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Jordan Estrada: Guardian Angel

By Kaitlyn Czajkowski

D.C.'s Guardian Angels. Center back: Jordan Estrada, 2008 Literature major from PHC and D.C. Area Patrol Leader.

Jordan Estrada spent his first night on the streets with the Guardian Angels breaking up a drug deal and chasing down a pocketbook thief. The location was northeast Washington D.C., the Adams Morgan Bar and Pubs, where “by 3 a.m., everyone is seriously intoxicated,” Estrada said.

Estrada, a 2008 PHC alumnus, has been part of the Washington, D.C., Guardian Angels since October of 2008, and breaking up bar fights and drug deals, chasing down thieves, and protecting the people around him are all in a night’s work. While countless gangs, from the MS-13 to the Crips and Bloods, band together to do evil, the Alliance of Guardian Angels, self-described as the “antithesis to gangs,” bands a group together with an entirely different purpose—to do good and to protect a community.

A volunteer organization founded in 1979 in New York City, the Guardian Angels patrol and safeguard cities, streets, and towns, armed with nothing more than a flashlight, a pair of handcuffs, and a CPR mask. Today, the Guardian Angels have roughly 6,000 members and over 100 chapters within the U.S., with even more chapters overseas.

In the five months that Estrada has been part of the Angels, he has become the D.C. area patrol leader, responsible for organizing patrols and finding recruits. At this point, the D.C. chapter is small, with only about a dozen active members. There are few incentives and many drawbacks—like the bitter D.C. winter cold—which keep volunteers from coming out, Estrada said.

In between his full-time job as a security officer for a government contractor, Estrada organizes at least two patrols a week in the most dangerous parts of D.C. The Guardian Angels, easy to spot in their uniforms and red berets, carry no knives, guns, or other weapons as they patrol. But according to Estrada, their very presence is a deterrent to crime.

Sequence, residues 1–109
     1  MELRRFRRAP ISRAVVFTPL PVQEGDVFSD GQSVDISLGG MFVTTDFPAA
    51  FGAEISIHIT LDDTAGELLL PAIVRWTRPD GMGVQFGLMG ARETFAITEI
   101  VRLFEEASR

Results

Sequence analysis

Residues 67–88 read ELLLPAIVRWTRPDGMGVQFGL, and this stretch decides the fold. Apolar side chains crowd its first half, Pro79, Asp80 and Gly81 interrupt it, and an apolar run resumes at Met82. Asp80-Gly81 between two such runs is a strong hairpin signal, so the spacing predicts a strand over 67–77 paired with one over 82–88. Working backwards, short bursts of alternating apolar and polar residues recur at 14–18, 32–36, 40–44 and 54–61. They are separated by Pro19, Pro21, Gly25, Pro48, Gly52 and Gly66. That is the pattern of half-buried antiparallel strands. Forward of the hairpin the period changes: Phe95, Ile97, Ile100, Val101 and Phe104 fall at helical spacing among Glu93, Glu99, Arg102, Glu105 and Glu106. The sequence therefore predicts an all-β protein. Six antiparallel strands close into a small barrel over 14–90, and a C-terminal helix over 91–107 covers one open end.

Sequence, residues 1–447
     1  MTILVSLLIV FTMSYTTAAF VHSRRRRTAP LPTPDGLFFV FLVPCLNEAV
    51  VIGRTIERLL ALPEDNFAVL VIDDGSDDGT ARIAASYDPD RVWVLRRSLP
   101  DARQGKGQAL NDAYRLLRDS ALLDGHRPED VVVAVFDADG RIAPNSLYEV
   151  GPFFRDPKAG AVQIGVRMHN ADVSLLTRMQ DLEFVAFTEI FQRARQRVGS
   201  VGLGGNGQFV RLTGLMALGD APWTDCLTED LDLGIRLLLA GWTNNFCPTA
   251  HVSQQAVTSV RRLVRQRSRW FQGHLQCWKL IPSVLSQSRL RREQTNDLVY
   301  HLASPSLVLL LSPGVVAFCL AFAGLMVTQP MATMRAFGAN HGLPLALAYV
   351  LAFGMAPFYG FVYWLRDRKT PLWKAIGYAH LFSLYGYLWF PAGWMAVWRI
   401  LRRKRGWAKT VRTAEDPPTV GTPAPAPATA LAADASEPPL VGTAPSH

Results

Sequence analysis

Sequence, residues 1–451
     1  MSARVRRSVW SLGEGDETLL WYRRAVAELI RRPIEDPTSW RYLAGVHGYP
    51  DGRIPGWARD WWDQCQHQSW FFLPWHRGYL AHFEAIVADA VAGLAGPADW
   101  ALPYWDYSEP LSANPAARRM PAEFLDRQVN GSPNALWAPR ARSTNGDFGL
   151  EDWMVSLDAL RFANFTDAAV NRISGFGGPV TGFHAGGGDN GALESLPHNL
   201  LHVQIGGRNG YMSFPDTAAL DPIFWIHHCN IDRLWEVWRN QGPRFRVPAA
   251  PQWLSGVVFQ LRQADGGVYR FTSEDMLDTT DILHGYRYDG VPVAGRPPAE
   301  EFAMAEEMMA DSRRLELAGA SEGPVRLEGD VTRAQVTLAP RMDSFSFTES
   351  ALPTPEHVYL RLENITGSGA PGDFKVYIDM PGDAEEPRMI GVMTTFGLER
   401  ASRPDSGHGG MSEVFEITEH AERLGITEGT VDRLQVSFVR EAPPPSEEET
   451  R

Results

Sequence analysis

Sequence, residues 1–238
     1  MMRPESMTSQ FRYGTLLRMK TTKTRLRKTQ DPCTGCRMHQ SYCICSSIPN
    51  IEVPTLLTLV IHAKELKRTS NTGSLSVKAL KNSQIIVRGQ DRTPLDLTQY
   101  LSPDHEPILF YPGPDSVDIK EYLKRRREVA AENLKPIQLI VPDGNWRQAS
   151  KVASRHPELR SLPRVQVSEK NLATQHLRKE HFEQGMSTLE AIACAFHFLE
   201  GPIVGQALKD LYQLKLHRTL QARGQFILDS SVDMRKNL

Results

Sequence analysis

Estrada also believes that because the Angels are unarmed, and because they have such a historical record of involvement and care for the community, people are more willing to respect them. Often, people are more willing to come or speak to the Angels, rather than the police, he said.

According to John Ayala, D.C. Director of Operations, the Guardian Angels are “an alternative to gangs.” Young people need role models and have a desire to be involved, he said. Too often, in their desire to join a “brotherhood,” they fall prey to the gangs. “We wanted to show people that young people can get involved in the community without carrying guns,” he said.

But certainly, there are risks that come with being part of the Guardian Angels. Dozens have been injured on the job, Ayala said, and six Angels have been killed in the line of duty over their nearly thirty-year history.

Ayala, who has been with the Angels for the past 24 years, was stabbed in the back with an ice pick in 1991. But Ayala’s desire was to protect the public, and no ice pick or other danger was about to slow him down.

Estrada, too, finds the risk worthwhile. “God is not going to let anything happen to me that’s not part of His plan,” Estrada said.

The Guardian Angels have chapters in nine countries, including Japan, the UK, Canada, Mexico, and South Africa.

“In South Africa we are facing some of the worst crime in the world,” said Charl Viljoen, the Angels Director in the City of Cape Town, South Africa. 24 years ago, Viljoen first heard of the Angels through a Reader’s Digest article. Years passed, and crime increased in his home of South Africa. In 2005, he decided to step up. “I went ahead and contacted Guardian Angels, New York,” he said.

In South Africa, “we have more murders and rapes than anywhere else on earth, and our criminal attacks often look like terrorist attacks,” Viljoen argued. If ordinary people do not get involved, “the police will be swept away, and we will follow shortly thereafter.”

The fruits of Viljoen’s labors are many. His Angels chapter has extinguished fires, searched for missing children, and prevented violent crimes. “We reduced the incidence of street prostitution by approximately 80 percent in six months after we started,” Viljoen said, “and robberies [were] reduced by 42 percent within four months, due to Angels’ patrols.”

“Becoming a Guardian Angel… gives you the courage and self-esteem to tackle problems head-on and make a significant contribution to the future of your family and children,” Viljoen said.

And while the streets of New York City, Washington, D.C., and South Africa are still too often dangerous, the smallest of rewards make it worthwhile for the unarmed volunteers in red berets. For John Ayala, “it’s enough when a little old lady says, ‘God bless you, keep up the good work.’”

A former Literature major at PHC, Estrada said his involvement with the Angels relates both to putting his Christian faith into action and to his lifelong aspiration toward the ideal of the “warrior poet.”

“While it’s important to be thoughtful, philosophical, and a seeker of the good, the true, and the beautiful, it’s equally important to make a difference in the nitty-gritty world around you,” Estrada said.

Interested in learning more about the Guardian Angels or in joining them yourself? Contact Jordan Estrada at estrada.jordan@gmail.com or 703-579-7991.